Fitch main­tains sta­ble out­look on Le­sotho

. . . warns of elec­tions ‘down­side risk’ if gov­er­nance re­forms are not im­ple­mented

Sunday Express - - NEWS - Staff Writer

FITCH Rat­ings has kept its out­look for Le­sotho un­changed at ‘B+’ with a sta­ble out­look, as the global rat­ing agency has fore­cast real gross do­mes­tic prod­uct growth of 3.5 per­cent in 2017.

Fitch has, how­ever, pointed to the “down­side risk” of the 3 June 2017 gen­eral elec­tions to its fis­cal fore­cast, say­ing they may make it more dif­fi­cult to ef­fect gov­er­nance re­forms needed to en­sure con­tin­ued Africa Growth and Op­por­tu­nity Act (AGOA) el­i­gi­bil­ity.

Fitch’s in­ter­na­tional credit rat­ings re­late to ei­ther for­eign cur­rency or lo­cal cur­rency com­mit­ments and in both cases, as­sess the ca­pac­ity to meet these com­mit­ments us­ing a glob­ally ap­pli­ca­ble scale.

The lo­cal cur­rency rat­ing mea­sures the like­li­hood of re­pay­ment in the cur­rency of the ju­ris­dic­tion of the coun­try. On the other hand, the for­eign cur­rency rat­ings con­sider the pro­file of the is­suer or note after tak­ing into ac­count trans­fer and con­vert­ibil­ity risk.

The terms “in­vest­ment grade” and “spec­u­la­tive grade” have es­tab­lished them­selves over time as short­hand to de­scribe the cat­e­gories ‘AAA’ to ‘BBB’ (in­vest­ment grade) and ‘BB’ to ‘D’ (spec­u­la­tive grade).

In­vest­ment grade cat­e­gories in­di­cate rel­a­tively low to mod­er­ate credit risk, while rat­ings in the spec­u­la­tive cat­e­gories ei­ther sig­nal a higher level of credit risk or that a de­fault has al­ready oc­curred.

‘B’ rat­ings in­di­cate that ma­te­rial de­fault risk is present, but a lim­ited mar­gin of safety re­mains. It means that fi­nan­cial com­mit­ments are cur­rently be­ing met but the ca­pac­ity for con­tin­ued pay­ment is vul­ner­a­ble to de­te­ri­o­ra­tion in the busi­ness and eco­nomic en­vi­ron­ment.

In a re­port is­sued last week, Fitch also states that Le­sotho’s short-term for­eign and lo­cal-cur­rency Is­suer De­fault Rat­ings (IDR) have been af­firmed at ‘B’, while the coun­try ceil­ing has been af­firmed at ‘BB+’.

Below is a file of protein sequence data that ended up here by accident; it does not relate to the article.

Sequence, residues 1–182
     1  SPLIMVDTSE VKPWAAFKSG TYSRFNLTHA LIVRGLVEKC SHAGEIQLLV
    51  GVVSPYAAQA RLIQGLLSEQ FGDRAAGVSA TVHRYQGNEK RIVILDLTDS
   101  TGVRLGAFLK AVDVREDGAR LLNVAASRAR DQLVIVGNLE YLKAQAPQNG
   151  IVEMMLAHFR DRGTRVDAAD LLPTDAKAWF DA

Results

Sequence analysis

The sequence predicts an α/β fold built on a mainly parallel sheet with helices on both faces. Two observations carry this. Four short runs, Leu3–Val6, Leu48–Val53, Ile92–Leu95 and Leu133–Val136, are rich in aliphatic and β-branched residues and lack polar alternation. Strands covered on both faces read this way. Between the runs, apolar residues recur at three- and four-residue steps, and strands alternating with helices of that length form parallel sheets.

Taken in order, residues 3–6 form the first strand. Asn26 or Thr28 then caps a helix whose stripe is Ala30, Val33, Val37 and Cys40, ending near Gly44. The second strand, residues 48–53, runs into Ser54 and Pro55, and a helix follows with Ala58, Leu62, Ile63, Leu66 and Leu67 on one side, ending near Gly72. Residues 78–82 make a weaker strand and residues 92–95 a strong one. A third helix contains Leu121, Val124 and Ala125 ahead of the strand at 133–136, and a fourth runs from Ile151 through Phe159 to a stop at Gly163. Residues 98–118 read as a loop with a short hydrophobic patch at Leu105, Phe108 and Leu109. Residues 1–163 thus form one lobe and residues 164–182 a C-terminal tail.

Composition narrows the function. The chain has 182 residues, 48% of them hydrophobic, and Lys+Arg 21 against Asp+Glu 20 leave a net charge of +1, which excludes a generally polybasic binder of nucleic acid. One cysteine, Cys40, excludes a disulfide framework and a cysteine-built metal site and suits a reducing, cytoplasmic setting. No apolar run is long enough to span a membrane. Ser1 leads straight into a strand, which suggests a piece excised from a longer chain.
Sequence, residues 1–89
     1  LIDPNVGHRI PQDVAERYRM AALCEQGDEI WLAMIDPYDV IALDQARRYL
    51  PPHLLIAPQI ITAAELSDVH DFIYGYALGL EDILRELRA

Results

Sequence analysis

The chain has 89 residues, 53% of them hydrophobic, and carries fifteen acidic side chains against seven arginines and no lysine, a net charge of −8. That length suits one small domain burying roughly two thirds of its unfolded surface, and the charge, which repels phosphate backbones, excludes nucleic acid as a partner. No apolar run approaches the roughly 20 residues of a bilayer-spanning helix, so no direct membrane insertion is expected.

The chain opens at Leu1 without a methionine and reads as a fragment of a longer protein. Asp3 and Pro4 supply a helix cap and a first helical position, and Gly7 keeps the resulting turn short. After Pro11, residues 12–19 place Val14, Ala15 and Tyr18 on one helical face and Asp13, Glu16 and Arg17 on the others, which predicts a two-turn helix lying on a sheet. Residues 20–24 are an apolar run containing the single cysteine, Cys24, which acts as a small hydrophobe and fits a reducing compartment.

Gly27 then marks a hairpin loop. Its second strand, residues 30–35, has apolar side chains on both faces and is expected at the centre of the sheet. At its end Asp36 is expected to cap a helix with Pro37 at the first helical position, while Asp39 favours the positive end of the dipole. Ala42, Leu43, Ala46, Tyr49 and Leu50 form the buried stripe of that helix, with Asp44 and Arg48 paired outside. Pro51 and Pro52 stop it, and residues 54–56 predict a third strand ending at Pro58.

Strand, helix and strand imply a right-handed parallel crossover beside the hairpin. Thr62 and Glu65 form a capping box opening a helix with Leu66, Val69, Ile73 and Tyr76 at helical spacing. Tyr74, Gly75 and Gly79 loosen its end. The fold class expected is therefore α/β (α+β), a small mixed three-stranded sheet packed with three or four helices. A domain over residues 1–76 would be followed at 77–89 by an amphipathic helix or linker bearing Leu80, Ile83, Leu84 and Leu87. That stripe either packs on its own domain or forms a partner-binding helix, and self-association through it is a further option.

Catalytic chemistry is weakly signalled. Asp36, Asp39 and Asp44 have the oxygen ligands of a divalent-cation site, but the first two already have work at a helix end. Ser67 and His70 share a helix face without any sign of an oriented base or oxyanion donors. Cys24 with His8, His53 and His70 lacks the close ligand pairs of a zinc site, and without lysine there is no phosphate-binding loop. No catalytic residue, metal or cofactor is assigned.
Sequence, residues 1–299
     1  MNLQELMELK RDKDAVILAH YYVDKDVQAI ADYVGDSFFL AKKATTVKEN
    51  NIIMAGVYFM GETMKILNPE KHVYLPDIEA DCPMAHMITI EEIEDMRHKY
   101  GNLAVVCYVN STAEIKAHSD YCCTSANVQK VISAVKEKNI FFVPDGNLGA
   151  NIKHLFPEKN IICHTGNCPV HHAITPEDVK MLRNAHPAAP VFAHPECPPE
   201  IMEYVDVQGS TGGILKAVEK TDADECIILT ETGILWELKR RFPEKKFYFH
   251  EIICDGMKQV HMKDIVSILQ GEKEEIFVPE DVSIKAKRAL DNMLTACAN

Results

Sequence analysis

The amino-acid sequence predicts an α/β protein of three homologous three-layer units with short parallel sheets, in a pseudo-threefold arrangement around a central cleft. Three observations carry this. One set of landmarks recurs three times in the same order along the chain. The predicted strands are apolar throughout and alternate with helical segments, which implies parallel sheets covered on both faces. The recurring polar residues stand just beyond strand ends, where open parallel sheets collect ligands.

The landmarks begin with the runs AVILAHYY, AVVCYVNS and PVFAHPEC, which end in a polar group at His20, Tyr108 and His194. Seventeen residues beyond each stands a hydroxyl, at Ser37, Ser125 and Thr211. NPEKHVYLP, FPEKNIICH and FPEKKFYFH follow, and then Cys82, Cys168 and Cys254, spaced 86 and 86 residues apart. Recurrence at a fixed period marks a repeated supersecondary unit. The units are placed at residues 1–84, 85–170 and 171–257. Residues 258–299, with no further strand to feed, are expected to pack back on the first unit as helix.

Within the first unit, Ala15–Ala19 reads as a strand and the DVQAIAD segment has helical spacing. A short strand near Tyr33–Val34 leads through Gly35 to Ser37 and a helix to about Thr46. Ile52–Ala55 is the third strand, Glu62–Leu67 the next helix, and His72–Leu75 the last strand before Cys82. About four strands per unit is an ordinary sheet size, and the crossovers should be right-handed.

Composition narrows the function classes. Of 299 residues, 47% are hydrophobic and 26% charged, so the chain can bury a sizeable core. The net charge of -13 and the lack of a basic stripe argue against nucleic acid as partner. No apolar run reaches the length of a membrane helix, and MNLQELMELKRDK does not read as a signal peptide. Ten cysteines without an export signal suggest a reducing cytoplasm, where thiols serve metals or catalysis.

IDRs opine on an en­tity’s rel­a­tive vul­ner­a­bil­ity to de­fault on fi­nan­cial obli­ga­tions. The agency cites the sig­nif­i­cant re­duc­tions in South African Cus­toms Union (SACU) rev- enues among the key driv­ers of the rat­ing.

SACU con­sists of Botswana, Le­sotho, Namibia, South Africa and Swazi­land, and the re­gional trade bloc main­tains a com­mon ex­ter­nal tar­iff, shares cus­toms rev­enues, and co­or­di­nates poli­cies and de­ci­sion-mak­ing on a wide range of trade is­sues.

“The ‘ B+’ rat­ing re­flects Le­sotho’s high stock of gov­ern­ment de­posits and macroe­co­nomic sta­bil­ity, which is aided by the cur­rency peg to the South African rand, bal­anced against weak GDP per capita and Hu­man De­vel­op­ment in­di­ca­tors and heavy de­pen­dence on South­ern African Cus­toms Union (SACU) rev­enues, which are fall­ing,” Fitch states.

“Pub­lic fi­nances have de­te­ri­o­rated due to fall­ing SACU rev­enues. After two years of small fis­cal sur­pluses, a deficit of 10.9 per­cent of GDP is es­ti­mated for fi­nan­cial year (FY)16/17 (fis­cal year end­ing March 2017), re­flect­ing a drop in SACU rev­enues to an es­ti­mated 16.2 per­cent of GDP from 25.9 per­cent in FY15/16.”

Gov­ern­ment de­posits, the rat­ing agency says, have been drawn down to fi­nance the deficit and re­main large at an es­ti­mated 17.4 per­cent of GDP at end-FY16/17. Net gen­eral gov­ern­ment debt is fore­cast to dou­ble to 51.2 per­cent of GDP at the end-FY18/19 from 25.9 per­cent at end-FY15/16.